Background: Evidence based largely on US cohorts suggests that long-term exposure to fine particulate matter is associated with cardiovascular mortality. There is less evidence for other pollutants and for cardiovascular morbidity. By using a cohort of 836,557 patients age 40 to 89 years registered with 205 English general practices in 2003, we investigated relationships between ambient outdoor air pollution and incident myocardial infarction, stroke, arrhythmia, and heart failure over a 5-year period.
Methods: Events were identified from primary care records, hospital admissions, and death certificates. Annual average concentrations in 2002 for particulate matter with a median aerodynamic diameter <10 (PM10) and <2.5 microns, nitrogen dioxide (NO2), ozone, and sulfur dioxide at a 1 × 1 km resolution were derived from emission-based models and linked to residential postcode. Analyses were performed using Cox proportional hazards models adjusting for relevant confounders, including social and economic deprivation and smoking.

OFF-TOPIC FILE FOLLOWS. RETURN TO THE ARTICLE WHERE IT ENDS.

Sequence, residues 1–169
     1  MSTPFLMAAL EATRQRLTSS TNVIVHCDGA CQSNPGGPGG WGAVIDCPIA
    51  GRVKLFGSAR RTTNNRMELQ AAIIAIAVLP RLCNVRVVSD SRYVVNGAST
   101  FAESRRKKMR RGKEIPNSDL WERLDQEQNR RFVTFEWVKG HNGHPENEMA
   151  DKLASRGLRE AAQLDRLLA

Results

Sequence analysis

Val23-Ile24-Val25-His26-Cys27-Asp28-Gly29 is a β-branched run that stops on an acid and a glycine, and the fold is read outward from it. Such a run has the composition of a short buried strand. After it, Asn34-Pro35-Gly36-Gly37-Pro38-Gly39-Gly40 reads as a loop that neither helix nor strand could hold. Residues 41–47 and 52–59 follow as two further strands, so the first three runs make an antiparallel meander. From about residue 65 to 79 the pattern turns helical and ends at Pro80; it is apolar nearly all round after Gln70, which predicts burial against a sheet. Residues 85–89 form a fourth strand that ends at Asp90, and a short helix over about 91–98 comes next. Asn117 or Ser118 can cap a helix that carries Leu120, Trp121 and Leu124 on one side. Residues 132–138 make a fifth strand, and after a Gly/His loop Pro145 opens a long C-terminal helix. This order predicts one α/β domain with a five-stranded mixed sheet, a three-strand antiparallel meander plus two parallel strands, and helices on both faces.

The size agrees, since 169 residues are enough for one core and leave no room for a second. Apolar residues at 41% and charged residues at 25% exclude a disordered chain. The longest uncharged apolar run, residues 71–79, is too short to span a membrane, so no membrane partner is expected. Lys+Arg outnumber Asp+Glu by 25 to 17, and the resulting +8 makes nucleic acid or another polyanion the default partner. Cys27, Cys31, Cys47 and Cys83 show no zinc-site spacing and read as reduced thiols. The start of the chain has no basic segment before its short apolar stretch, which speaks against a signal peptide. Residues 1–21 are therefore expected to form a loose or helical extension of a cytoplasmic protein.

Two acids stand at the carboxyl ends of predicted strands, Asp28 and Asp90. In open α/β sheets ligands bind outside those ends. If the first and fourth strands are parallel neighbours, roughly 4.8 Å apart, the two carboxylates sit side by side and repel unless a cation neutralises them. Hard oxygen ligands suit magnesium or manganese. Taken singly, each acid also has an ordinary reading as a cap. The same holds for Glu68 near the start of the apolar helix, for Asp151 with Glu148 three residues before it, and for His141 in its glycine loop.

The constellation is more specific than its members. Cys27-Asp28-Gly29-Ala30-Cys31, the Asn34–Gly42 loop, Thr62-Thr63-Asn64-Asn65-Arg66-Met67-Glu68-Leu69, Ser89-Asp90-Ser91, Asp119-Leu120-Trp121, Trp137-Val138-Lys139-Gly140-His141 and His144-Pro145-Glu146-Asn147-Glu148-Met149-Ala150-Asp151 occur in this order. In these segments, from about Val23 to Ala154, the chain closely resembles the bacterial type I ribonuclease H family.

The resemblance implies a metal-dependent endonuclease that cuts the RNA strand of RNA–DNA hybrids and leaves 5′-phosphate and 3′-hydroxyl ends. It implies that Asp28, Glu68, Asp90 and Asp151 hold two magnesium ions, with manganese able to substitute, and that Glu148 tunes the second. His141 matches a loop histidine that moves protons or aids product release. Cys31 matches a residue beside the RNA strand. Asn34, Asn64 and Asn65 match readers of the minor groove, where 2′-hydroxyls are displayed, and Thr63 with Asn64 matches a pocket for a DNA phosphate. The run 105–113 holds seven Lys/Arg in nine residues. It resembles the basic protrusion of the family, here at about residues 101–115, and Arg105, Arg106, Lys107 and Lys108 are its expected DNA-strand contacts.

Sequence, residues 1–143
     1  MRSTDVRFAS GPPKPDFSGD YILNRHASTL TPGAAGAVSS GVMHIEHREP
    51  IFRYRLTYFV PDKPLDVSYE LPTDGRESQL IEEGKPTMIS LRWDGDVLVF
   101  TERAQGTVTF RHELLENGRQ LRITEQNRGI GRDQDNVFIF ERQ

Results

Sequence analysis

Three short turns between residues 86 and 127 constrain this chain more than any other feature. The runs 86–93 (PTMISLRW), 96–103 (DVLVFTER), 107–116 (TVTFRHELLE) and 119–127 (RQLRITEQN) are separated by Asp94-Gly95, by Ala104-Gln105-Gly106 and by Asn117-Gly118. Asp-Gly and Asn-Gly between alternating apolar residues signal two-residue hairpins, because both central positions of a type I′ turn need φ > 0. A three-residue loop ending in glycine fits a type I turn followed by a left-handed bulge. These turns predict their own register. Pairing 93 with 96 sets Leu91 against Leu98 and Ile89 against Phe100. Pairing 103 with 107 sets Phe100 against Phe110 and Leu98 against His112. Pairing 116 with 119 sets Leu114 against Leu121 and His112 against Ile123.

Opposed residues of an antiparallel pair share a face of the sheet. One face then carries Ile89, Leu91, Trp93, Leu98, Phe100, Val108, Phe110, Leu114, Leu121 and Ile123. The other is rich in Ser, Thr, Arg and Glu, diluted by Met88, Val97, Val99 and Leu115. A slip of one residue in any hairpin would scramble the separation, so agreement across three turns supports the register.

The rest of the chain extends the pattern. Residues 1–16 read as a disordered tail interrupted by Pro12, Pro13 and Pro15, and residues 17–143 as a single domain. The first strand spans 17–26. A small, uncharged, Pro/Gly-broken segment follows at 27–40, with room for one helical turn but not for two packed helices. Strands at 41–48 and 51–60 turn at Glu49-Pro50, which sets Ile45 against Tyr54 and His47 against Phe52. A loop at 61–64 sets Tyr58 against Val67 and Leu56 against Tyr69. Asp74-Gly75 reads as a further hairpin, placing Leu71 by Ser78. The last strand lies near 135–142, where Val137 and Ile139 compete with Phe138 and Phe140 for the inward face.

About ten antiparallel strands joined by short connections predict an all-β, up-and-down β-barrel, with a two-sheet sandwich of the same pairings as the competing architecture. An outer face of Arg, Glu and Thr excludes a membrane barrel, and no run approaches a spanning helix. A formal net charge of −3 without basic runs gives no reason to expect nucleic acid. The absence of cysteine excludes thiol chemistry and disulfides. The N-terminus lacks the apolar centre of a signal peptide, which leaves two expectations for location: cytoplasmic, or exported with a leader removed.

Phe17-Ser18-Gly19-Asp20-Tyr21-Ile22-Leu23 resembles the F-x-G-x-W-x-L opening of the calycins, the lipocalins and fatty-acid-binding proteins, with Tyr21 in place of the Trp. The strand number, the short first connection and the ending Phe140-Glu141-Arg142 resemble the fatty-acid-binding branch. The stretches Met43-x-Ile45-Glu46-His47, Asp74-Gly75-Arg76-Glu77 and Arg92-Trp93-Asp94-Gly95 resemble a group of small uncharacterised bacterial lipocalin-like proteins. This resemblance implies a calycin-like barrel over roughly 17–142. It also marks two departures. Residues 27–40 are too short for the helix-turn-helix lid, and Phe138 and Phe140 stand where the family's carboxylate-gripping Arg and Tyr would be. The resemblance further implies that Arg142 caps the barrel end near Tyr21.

Results: While evidence was weak for relationships with myocardial infarction, stroke, or arrhythmia, we found consistent associations between pollutant concentrations and incident cases of heart failure. An interquartile range change in PM10 and in NO2 (3.0 and 10.7 µg/m3, respectively) both produced a hazard ratio of 1.06 (95% confidence interval = 1.01–1.11) after adjustment for confounders. There was some evidence that these effects were greater in more affluent areas.
Conclusions: This study of an English national cohort found evidence linking long-term exposure to particulate matter and NO2 with the development of heart failure. We did not, however, replicate associations for other cardiovascular outcomes that have been reported elsewhere.